Yester House is an early 18th-century
mansion near Gifford in East Lothian, Scotland. The
lands of Yester were granted to Hugo de Giffard, a
Norman, in the 12th century. Yester Castle, around 1
mile (1.6 km) south-east of the present house, was built
by the Giffords in the later 13th century.
The heiress of the Giffords
married into the Hay family, who were raised to the
peerage in 1488 as Lord Hay of Yester. In 1646 the 8th
Lord Hay was created Earl of Tweeddale, and considered
the building of a new house at Yester. The 1st Earl
acquired his title for his support of Charles I, but
later served in two Commonwealth Parliaments. His son,
the 2nd Earl of Tweeddale, was appointed to the Privy
Council of Scotland after the Restoration. He began
improvements to the estate, including the planting of
over 6,000 acres (2,400 ha) of woodland. It was around
this time that the medieval village of Yester was moved
to its current location at Gifford. The Earl consulted
Sir William Bruce in 1670, with a view to commissioning
a new house, although nothing was done at this time.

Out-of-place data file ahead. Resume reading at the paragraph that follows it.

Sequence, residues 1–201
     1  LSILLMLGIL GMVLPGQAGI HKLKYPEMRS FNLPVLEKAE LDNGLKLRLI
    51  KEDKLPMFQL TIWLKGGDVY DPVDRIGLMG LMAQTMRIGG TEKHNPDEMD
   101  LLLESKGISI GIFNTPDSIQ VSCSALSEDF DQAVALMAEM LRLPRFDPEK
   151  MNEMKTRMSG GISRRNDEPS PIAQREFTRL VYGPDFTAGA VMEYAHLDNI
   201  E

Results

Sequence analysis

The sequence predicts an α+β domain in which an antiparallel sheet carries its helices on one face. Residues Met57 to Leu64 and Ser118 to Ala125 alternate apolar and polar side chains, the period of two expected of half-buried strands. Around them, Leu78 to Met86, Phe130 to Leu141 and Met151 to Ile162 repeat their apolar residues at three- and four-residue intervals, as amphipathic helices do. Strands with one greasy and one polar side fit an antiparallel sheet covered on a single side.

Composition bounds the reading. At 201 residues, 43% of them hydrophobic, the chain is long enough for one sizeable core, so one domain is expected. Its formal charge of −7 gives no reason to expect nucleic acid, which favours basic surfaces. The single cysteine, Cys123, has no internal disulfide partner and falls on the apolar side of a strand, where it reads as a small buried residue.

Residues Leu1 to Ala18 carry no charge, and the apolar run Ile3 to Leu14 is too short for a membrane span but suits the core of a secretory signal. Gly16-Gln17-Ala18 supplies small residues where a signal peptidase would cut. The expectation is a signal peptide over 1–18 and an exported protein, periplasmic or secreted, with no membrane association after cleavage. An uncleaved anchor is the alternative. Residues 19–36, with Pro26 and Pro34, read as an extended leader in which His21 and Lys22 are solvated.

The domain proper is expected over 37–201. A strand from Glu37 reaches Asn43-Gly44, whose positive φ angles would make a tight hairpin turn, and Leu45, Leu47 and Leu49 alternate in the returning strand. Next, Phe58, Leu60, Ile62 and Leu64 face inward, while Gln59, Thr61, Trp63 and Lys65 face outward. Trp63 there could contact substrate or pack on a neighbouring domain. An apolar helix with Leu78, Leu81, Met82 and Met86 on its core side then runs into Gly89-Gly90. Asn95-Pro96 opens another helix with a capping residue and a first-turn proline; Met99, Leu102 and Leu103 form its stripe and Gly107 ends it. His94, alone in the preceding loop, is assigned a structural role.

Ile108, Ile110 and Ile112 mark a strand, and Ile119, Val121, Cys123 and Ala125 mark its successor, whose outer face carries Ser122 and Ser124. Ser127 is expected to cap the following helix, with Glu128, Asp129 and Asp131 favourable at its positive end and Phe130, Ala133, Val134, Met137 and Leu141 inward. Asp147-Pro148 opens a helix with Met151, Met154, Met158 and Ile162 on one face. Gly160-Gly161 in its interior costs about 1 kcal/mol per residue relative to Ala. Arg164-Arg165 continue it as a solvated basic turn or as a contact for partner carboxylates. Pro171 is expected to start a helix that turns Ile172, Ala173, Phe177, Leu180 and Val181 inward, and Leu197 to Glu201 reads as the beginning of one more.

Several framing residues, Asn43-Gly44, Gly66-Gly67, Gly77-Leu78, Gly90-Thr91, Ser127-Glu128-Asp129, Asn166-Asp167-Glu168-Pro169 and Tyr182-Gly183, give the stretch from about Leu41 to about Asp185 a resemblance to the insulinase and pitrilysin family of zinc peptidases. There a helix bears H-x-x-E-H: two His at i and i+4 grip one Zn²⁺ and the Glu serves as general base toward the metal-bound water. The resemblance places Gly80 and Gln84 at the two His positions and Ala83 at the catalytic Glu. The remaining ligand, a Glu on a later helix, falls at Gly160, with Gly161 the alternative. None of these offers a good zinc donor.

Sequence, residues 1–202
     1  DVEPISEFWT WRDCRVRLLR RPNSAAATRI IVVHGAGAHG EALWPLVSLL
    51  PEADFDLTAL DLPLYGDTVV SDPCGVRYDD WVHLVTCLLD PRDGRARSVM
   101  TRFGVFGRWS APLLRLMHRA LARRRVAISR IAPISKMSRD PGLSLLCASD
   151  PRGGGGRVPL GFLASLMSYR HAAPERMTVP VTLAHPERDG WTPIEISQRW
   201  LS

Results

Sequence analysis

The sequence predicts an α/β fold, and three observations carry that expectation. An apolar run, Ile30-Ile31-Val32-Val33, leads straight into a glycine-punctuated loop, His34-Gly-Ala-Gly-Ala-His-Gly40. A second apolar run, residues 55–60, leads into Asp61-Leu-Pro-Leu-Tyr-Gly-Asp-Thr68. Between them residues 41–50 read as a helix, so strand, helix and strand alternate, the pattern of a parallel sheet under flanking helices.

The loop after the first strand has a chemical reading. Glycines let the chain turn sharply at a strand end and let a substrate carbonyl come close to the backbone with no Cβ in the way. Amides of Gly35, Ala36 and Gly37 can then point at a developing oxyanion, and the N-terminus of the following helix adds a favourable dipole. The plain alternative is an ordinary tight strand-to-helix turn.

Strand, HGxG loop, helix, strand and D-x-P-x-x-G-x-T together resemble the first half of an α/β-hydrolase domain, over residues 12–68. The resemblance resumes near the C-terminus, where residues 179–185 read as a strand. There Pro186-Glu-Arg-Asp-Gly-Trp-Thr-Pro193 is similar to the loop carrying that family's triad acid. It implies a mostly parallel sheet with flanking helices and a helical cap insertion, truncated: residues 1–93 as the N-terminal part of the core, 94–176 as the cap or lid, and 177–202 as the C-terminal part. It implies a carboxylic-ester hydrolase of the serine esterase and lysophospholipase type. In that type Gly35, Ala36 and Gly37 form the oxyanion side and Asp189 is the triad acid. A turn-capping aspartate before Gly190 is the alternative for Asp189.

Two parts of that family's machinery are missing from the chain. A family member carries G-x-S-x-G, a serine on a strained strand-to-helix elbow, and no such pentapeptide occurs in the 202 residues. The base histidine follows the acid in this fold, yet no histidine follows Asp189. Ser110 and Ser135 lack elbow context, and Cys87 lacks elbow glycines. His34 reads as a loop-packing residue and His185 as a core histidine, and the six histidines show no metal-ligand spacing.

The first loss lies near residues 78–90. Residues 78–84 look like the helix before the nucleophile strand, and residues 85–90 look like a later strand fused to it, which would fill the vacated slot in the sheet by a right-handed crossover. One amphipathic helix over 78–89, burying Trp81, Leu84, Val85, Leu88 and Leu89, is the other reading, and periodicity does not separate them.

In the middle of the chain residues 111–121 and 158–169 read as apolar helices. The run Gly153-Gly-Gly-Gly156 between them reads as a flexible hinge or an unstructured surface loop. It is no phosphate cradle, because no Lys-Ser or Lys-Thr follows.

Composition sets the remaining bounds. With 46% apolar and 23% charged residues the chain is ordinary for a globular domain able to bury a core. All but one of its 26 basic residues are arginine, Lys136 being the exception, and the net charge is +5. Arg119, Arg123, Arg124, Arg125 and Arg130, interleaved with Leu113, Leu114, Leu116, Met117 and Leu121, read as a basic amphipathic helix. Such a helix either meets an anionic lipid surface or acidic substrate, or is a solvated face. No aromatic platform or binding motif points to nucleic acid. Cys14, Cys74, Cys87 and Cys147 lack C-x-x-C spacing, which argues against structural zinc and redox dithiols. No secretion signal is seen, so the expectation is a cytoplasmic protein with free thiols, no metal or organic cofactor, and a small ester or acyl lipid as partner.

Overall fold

Formal gardens were established and parkland laid out
through the 1680s and 1690s.
For his support of William of
Orange, the 2nd Earl was appointed Lord Chancellor of
Scotland in 1692 and 1st Marquess of Tweeddale in 1694.
John Hay, 2nd Marquess of Tweeddale, who inherited the
estate in 1697, appointed James Smith and Alexander
McGill to begin work on a new house in 1697. The 2nd
Marquess supported the Acts of Union and served at
Westminster as a representative peer. When he died in
1713 the building work was still underway; the main
house was complete by 1715, when the 3rd Marquess died.
John Hay, 4th Marquess of
Tweeddale, also served as a representative peer from
1722. The interior of the house was complete by 1728,
but in 1729 the 4th Marquess appointed William Adam to
make alterations to the roof and main façade and in the
mid-1730s to the interiors. William was succeeded as
architect at Yester by his sons Robert and John, who
carried out alterations inside in 1761, and another
redesign of the façade in the 1780s, as well as
redesigning the gardens in an informal style in the
1760s. The house was altered in the 1830s, with the
entrance moved to the west front, and was modernised at
the end of the 19th century by Robert Rowand Anderson
for the 11th Marquess.
The estate was sold in
the late 1960s after the death of William Hay, 11th
Marquess of Tweeddale, in 1967, to two antiques dealers.
In 1972 it was bought by the Italian-American composer
Gian Carlo Menotti because of the acoustics of the
ballroom. After Menotti's death, the house was marketed
by his family with a price of between £12 million and
£15 million. According to the sales particulars the
house has a gross internal area of 34,580 sq. ft. In
September 2010 the guide price was reduced to £8
million, with the exclusion of 120 hectares (300 acres)
of woodlands from the sale. In 2015 the estate was sold
to Nicola and Gareth Wood, son of Sir Ian Wood.